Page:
The CCAMP working group of the IETF thanks you for your continued
correspondence on GMPLS Calls.
Please note that "Generalized MPLS (GMPLS) RSVP-TE Signaling Extensions
in Support of Calls" has now been published as RFC 4974 available from
In your liaison 'Reply to IETF CCAMP Liaison "GMPLS Calls"' produced at
your June plenary in Geneva you raised two points.
1. "Call identifiers. Please note that G.7713.x series has a call
identifier format. For G.7713.2, this is described in RFC3474 and has
RSVP class num of 230."
Thank you for this pointer. We are aware that a number of applications
require different call identifier formats (or Long Form Call Identifiers
in the language of RFC 4974). For this reason, RFC 4974 is careful to
place no restrictions on the form of the call identifier, and we expect
that ASON call identifiers can be encoded and carried in GMPLS Call
2. "Specifying the destination of a call in ASON is done with a UNI
Transport Resource identifier (G.8080 section 10.2). For G.7713.2, this
is described in RFC3476 as a Transport Network Address (TNA) and has
RSVP class num of 229. We suggest that an equivalent should be included
in a future ASON applicability draft."
Thank you, again. RFC 4974 (and, indeed, the whole of the GMPLS
architecture) is predicated on the use of IP addresses, so that we
expect Call Controllers, Connection Controllers, and connection end-
points to be IP-addressable.
However, we understand that Call Controllers and their associated
applications may wish to exchange transparent information (such as TNAs)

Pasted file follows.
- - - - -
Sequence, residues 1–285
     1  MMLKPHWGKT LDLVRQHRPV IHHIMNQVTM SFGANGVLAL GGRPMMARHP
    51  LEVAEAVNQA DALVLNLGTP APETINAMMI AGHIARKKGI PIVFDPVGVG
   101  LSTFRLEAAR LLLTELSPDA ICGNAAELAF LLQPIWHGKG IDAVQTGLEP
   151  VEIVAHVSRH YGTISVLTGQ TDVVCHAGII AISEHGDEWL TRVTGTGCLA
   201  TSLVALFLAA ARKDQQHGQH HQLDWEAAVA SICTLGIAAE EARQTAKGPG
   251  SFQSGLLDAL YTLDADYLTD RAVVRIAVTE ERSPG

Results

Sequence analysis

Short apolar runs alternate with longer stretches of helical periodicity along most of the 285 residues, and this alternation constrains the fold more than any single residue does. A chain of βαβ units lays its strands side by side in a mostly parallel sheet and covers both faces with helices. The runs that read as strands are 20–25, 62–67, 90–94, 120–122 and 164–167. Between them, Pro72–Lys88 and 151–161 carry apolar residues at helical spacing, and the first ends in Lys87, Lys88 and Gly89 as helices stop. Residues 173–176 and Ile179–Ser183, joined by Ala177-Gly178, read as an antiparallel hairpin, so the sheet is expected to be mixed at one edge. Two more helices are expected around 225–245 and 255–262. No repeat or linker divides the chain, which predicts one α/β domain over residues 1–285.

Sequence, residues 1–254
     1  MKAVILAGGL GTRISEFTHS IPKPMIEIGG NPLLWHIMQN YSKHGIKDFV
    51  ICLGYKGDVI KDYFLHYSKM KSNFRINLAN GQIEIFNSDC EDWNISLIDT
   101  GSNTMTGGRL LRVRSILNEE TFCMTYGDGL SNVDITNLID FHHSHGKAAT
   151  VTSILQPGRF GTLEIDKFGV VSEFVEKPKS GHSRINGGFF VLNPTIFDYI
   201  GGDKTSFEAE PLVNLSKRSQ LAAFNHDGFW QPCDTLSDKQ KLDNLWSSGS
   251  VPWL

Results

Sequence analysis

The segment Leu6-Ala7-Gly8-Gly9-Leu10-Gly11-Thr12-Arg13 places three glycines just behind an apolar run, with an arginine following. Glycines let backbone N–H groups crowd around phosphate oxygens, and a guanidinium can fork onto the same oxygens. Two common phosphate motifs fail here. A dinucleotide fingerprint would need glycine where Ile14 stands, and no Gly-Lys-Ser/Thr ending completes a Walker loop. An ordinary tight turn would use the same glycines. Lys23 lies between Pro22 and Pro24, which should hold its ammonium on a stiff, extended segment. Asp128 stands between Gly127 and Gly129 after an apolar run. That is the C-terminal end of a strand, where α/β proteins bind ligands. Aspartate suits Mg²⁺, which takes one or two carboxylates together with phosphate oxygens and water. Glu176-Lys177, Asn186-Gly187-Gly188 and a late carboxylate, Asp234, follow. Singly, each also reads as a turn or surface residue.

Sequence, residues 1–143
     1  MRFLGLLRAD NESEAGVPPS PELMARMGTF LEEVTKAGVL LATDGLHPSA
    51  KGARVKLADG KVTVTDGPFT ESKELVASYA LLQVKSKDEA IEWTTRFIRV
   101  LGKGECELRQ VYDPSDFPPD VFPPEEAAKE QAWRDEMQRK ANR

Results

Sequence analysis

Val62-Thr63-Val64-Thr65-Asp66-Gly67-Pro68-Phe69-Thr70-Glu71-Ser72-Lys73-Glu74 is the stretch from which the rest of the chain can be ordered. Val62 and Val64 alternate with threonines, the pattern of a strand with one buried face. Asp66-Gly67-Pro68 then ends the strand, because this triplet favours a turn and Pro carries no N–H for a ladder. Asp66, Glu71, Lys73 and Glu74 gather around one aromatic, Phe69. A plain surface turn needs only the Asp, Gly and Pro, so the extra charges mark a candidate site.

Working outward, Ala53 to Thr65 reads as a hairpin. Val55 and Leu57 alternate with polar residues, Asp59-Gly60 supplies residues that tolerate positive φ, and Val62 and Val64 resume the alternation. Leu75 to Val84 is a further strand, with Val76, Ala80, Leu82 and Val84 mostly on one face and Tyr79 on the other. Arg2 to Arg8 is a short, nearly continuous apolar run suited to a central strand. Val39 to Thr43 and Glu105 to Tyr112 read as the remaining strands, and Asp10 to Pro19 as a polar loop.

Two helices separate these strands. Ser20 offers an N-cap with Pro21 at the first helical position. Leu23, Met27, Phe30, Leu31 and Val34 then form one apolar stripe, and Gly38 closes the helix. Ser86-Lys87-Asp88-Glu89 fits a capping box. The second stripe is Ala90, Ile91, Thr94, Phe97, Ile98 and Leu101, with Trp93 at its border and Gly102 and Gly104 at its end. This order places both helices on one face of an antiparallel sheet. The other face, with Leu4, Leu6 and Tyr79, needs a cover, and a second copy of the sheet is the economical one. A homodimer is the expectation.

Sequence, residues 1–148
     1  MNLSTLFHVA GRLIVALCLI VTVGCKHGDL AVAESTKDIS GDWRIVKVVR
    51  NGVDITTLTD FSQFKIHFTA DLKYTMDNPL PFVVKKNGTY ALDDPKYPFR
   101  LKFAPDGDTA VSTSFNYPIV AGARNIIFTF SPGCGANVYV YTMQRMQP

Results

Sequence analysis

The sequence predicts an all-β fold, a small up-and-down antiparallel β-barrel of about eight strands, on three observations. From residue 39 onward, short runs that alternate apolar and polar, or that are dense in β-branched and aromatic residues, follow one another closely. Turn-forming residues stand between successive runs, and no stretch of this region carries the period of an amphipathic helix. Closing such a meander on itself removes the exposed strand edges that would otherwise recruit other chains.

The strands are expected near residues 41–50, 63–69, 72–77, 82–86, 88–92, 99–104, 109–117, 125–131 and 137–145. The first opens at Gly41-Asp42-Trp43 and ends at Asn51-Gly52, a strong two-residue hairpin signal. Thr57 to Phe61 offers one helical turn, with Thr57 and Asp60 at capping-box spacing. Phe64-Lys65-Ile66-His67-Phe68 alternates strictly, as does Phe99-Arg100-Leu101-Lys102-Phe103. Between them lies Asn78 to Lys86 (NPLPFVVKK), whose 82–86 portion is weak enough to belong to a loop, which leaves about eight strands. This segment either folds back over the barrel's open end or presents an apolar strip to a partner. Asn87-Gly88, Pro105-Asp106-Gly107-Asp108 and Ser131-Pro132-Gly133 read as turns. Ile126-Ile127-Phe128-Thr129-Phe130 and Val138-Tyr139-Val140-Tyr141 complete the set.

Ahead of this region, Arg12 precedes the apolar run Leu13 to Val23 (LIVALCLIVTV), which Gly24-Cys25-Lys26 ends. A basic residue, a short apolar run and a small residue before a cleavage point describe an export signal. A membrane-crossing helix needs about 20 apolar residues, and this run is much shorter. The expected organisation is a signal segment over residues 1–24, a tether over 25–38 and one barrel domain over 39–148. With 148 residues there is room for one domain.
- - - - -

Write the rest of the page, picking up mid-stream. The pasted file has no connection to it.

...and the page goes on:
that is used in the context of those applications, for example to derive
IP addressing information and to identify resources or applications. We
may consider that the Call message (i.e. the Notify message) uses IP
addressing to achieve delivery, but may carry transparent information
on behalf of its client application (i.e. the Call Controller). Such
information is not used in the propagation or delivery of the message,
but may be used freely by the application for any purpose.
WHen this is the case in IETF protocols, the payload is often presented
as a fully transparent object. In some cases, however, commonly
applicable (that is, applicable to multiple different applications)
objects may be defined with encoding rules. We expect that a generic
end-point identifier object will be defined for inclusion in GMPLS Call
messages when the first application that needs them is documented. At
the moment, it looks as though the first such application will be ASON,
and we expect work to resume on the ASON applicability draft in the
latter part of this year.
Deborah Brungard and Adrian Farrel
Co-Chairs, IETF CCAMP Working Group